Like Bernie Sanders refuses to acknowledge socialism’s devastating impact on previously prosperous Venezuela, supporters of Kentucky’s pension status quo—who seem largely illiterate about how defined-benefit systems work—refuse to concede that inadequate funding is not the primary cause of the commonwealth’s pension woes.
If it was, then why is the County Employees’ Retirement System (CERS) only around 60-percent funded despite making 100 percent of its actuarially required contributions through the years?
It’s because CERS hasn’t escaped suffering the same malady—awarding and enhancing benefits in ways neither taxpayers can afford nor the systems were designed to support—now infecting all state retirement plans, and which cannot be ignored by any policymaker wanting to claim the mantle of serious pension reform.
CERS through the years not only raised the benefit factor—which, along with assumed rates of return on investments and contributions of employees and their government-employer agencies, determine the amount beneficiaries receive when they retire—but also has applied those raises to previous years.
While such benefit increases make recipients feel good about voting for the good-ole-boy politician who brought home that bacon, it’s a fatal tactic if Kentucky wants to continue providing its employees a defined-benefit plan.
For example, a plan member who entered the CERS on July 1, 1958, when it was established by the legislature, was awarded an initial benefit factor of 1.25 percent.
Far from being an arbitrary figure, that benefit factor, which is the percentage of final average salary that beneficiary will receive, was based on certain conservative assumptions regarding what the system’s investments would earn and the employees and employers would contribute.
Flash forward to 1990, when the benefit factor for CERS members, which had risen through the years, reached 2.2 percent.
Such a benefit factor in and of itself would not have been a problem if it had been applied just for that year when investment returns had risen and the plan could cover it.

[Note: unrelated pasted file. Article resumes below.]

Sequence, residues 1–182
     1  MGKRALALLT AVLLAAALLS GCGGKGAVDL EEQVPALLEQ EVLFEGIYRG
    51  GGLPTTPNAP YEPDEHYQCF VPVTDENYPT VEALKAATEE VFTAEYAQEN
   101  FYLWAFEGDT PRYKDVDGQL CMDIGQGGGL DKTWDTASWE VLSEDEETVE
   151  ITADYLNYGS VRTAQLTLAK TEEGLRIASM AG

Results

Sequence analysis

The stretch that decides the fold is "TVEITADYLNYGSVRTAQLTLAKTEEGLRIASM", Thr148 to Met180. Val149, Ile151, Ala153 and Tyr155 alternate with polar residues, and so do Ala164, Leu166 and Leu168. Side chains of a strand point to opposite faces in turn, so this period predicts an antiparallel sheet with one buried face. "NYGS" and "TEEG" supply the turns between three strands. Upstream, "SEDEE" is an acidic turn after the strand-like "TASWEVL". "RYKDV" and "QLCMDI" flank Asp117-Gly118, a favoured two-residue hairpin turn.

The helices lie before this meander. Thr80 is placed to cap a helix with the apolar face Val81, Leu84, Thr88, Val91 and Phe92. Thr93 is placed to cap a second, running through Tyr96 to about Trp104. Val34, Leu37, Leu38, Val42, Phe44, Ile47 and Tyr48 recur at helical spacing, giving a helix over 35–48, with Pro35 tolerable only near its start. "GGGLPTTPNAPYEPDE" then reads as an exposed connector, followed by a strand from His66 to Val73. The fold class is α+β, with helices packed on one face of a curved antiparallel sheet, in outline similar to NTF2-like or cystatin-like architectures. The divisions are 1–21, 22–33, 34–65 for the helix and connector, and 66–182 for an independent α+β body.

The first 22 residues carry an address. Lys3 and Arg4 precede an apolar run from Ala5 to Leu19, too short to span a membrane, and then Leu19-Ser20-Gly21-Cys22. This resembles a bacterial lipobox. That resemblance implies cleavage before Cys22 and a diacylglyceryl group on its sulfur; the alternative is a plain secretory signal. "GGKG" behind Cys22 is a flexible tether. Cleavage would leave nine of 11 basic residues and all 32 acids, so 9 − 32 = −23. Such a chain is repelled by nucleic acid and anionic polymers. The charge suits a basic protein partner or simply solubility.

However, system bureaucrats applied that benefit retroactively, so that a beneficiary who entered the plan in 1958 and retired in 1990 was awarded a pension amount based on a 2.2 percent benefit factor for all those years, even though the amount received by beneficiaries is horizontal and not vertical in a defined-benefit plan.
Huge unfunded pension liabilities, anyone?
If, in fact, the state’s retirement systems would have followed the rules by awarding benefits for each year based on the assumptions and contributions for that year and not forced higher benefits retroactively, the commonwealth would have a surplus rather than a $38 billion unfunded liability.
I have no doubt about the happiness experienced by the beneficiary who retired in 1990 with a pension check that was 42-percent higher than the one the system was designed and funded to support.
But I seriously doubt taxpayers, who carry most of the risk but have the least say of all the systems’ stakeholders, enjoy anywhere near the same level of bliss in knowing that the pension check received by that retiree is nearly 73 percent of his final average salary even though the system was designed and funded to support a 51-percent benefit.
While higher-than-expected returns on investments for years masked such incompetency or shenanigans—you pick—the consequences are catching up with CERS and the other public pension plans.
While separating CERS from the Kentucky Retirement Systems (KRS)—about which there has been much buzz—is functionally the right move, it alone will not come close to abating our pension crisis.
In fact, before being allowed to leave the KRS, policymakers must demand that CERS also end this practice of retroactively awarding enhanced benefits.
Jim Waters is president and CEO of the Bluegrass Institute for Public Policy Solutions, Kentucky’s free-market think tank. Read previous columns at www.bipps.org. He can be reached at [email protected] and @bipps on Twitter.